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Community wants FG to call A-Ibom govt to order

By  Kenneth Ehigiator
LAGOS—Okopedi Community in Akwa Ibom State has urged President Umaru Musa Yar’Adua to call the state government to order over expropriation of its farmland and takeover of the federal road connecting it to the outside world for an airport project.

Spokesman of the community, Elder Moses Esuh, told newsmen at a briefing in Lagos yesterday that the state government has failed to keep its own part of the bargain, following the agreement reached with the community in 2006 not to extend the project to a portion of land on Ndon-Ebom end of the Trunk A road.

Elder Esuh expressed disappointment over the refusal of the state government to heed the directive of former President Olusegun Obasanjo who, in a letter written to then Governor Victor Attah of Akwa Ibom State, asked the governor to preserve the road, after inspecting the project site during his official visit to Akwa Ibom State in 2006.

Obasanjo had in the letter, dated August 14, 2006, written: “ Let me again restate my position that the Uyo-Oron road must be preserved or reconstructed and not be closed by the airport project.

“In addition, I believe that you still need to pay some attention to feeder roads to increase productivity and income in the rural areas of the state and give them access to the cities.”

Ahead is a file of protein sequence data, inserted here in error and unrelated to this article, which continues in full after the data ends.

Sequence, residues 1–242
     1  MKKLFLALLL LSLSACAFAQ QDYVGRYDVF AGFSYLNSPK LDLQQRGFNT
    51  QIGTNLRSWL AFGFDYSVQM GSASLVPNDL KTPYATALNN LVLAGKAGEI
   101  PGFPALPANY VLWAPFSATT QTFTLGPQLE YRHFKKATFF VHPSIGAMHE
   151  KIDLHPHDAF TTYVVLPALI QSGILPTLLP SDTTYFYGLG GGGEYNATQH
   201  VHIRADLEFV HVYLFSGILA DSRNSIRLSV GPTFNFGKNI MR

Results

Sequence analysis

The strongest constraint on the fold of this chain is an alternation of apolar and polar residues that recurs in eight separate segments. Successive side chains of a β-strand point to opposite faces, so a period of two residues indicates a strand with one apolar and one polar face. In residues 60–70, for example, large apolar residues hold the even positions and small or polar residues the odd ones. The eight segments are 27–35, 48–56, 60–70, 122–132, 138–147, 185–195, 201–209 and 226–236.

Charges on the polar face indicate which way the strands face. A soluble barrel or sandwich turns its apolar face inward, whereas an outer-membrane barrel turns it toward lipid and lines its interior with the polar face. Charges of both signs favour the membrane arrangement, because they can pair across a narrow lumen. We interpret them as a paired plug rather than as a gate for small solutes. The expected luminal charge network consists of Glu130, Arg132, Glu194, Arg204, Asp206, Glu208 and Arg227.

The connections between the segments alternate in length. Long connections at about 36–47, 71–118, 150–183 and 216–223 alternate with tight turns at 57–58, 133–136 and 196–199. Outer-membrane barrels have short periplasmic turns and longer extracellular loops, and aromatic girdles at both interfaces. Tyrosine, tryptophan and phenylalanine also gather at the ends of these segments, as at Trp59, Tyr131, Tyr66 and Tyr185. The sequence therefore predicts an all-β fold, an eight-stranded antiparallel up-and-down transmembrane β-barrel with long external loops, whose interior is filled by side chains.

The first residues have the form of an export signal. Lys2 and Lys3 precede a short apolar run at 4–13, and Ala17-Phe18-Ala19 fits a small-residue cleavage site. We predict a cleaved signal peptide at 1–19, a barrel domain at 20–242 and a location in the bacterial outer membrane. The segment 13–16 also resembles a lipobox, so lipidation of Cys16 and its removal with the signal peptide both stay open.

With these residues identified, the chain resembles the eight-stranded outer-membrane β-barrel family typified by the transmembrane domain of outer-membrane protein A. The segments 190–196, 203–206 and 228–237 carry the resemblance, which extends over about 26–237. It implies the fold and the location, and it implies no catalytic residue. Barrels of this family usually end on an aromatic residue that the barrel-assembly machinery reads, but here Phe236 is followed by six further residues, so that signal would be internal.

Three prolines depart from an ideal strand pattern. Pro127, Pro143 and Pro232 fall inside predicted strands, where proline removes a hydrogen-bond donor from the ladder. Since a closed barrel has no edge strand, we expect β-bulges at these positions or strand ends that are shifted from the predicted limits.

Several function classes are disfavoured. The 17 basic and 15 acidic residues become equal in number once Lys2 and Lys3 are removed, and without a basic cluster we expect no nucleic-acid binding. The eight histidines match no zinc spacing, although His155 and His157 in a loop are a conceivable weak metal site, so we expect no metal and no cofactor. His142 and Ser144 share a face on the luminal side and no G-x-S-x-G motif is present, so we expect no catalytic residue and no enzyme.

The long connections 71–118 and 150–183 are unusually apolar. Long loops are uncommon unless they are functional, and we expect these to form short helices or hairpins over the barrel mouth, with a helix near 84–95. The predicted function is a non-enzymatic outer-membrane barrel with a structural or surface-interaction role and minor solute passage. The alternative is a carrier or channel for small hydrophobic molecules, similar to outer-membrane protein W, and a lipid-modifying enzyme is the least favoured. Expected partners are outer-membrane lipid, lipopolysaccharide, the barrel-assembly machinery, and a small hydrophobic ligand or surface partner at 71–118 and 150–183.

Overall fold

But Elder Esuh argued that since government was a going concern, irrespective of who is in power, incumbent Governor Godswill Akpabio ought to have carried out the former president’s directive and steer clear of the road and farmlands.

He said the federal government only approved that only one portion of the express road be taken for the airport, wondering why the state government encroached on the other part to completely cut off the community from the outside world.

“The dual carriage road that led to Uyo, which was the easiest and fastest access to the outside world is blocked by reason of which the indigenes are now compelled to travel several miles to get to Uyo and other places.  Other local government areas that use the road are trapped in the same problem as well,” Esuh said.

He said the forcible take over of the community’s farm lands had aggravated the poverty level of the people, stressing that hunger, anger and frustration were now the lots of the people.

Asked why the community had not sought the invention of its representatives in the National Assembly, Elder Esuh alleged that the lawmakers had sold out, and appealed to the president to use his good office to prevail on the state government to restore the lost part of the road and community’s farm lands.

He said the president’s intervention becomes necessary, especially as Governor Akpabio had a shoot-on-sight order on member of the community that dared the state government.

“It is, therefore, necessary for the federal government to call Governor Akpabio to order or is the governor more powerful than the president?” Queried Esuh, who noted that the Niger Delta could hardly afford another crisis as solution was being sought to existing crises through the amnesty granted militants by the federal government.

Esuh said, though the airport project would be commissioned in a few weeks, the community would not give up on its struggle until it reclaimed its seized portions of land


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